Surface Pro 3


I have a friend who’s selling Surface Pro 3 for $500 and I would like to get communities help in making my decision on whether i want to buy or not? My question revolves around is it worth buying Pro 3 now? Or should i not? I’m also thinking i can buy and send it to my parents to use it. So, is there a high learning curve when it comes to Windows 10? I’m asking about learning curve because i cannot truly decide as I never had to as I jumped into Insider program in 2015 and I’m pretty knowledgeable when it comes to any UI. So Community, please help me in deciding on Pro3.

PS: I would love to hear from Sam or Paul’s take on this here or in their pod-cast.



Comments (13)

13 responses to “Surface Pro 3”

  1. 4561

    I would not pay $500 for a used SP 3 (although you did not mention the specs). If you are in the U.S. did you see the various SP 4 bundles this weekend?  $600 at Best Buy for the low end model with the Type Cover (no pen), $100 more for the base Core i5 version, or $999 for the one I purchased through the Microsoft Store (Core i5, 8 GB RAM, 256 GB hd with the pen and a Type Cover). 


    • 5618

      In reply to Tonymiller:

      Sorry abt not mentioning the model and giving spec details but Its an 128GB with Intel i5, 8GB Ram and has type cover along with pen.

      • 6825

        In reply to Kudupa:

        Well worth the cost if in decent shape, then. My "problem" with the SP3 is largely mine, but your parents may share it. I'm 65 and the screen was not quite large enough for my eyes. I replaced mine with a Surface Book, and LOVE IT! Best computer I've ever used. (and I'm an MCP with 25+ years in tech support). BTW, if you don't buy it, I'd be interested for my daughter. :)


  2. 180

    It depends a lot on which SKU of the SP3 you're looking at, and if he's bundling things like the cover for that price. It's a fine machine overall, whether it's worth $500 of your money is a more difficult question.

  3. 1251

    I think $400-$500 is a fair price for a used Surface Pro 3 in good condition.

  4. 5496

    There no learn curve like people say.

    If you are already in the insiders like you say. You already know how it works then.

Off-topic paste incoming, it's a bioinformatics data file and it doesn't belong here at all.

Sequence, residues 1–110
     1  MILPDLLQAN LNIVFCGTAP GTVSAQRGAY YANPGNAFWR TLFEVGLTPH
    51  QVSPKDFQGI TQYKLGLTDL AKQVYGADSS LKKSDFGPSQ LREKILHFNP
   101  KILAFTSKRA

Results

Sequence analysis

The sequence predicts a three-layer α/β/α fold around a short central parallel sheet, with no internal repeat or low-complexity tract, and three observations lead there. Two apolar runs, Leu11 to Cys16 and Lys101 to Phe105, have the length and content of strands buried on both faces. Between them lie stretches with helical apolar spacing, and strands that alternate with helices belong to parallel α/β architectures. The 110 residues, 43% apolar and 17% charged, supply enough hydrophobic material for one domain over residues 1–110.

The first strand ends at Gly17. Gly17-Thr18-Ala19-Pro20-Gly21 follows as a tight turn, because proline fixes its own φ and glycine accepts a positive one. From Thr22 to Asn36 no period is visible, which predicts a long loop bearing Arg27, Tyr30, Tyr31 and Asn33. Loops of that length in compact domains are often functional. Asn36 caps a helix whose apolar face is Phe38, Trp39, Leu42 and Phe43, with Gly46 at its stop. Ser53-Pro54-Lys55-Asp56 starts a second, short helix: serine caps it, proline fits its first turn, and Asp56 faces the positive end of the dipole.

5. 3216

    Your first decision is whether or not a Surface is right for you.  I own a SP3 and it has completely failed to live up to my expectations.  I find that a touch interface is helpful for some things and pathetically useless for others - particularly older software.  The pen works great for writing but isn't a very good replacement for a mouse or stylus.

    Basically, make a list of everything you need to do, scale back your expectations as to what a touch interface can add to that, and then decide if you wouldn't be better buying a regular laptop.

    Your mileage will vary.

    • 5496

      In reply to gsmith-plm:

      But you aren't forced to use the touch screen. You can use it fine with a mouse and keyboard.

      • 3216

        In reply to lordbaal1:,

        I do, in fact, use a mouse and keyboard most of the time.  But then why spend all the extra bucks for a touch screen?  Everything is relative to what someone is looking for in a notebook.  I was looking to see if I could replace an iPad and an old laptop with a single machine and, for me at least, the answer is no, and I've spent well over a year trying.  Granted, that could just be me but I think it's important that anyone considering purchasing a Surface understand that just having a touch screen does not empower the computer with some kind of magical properties.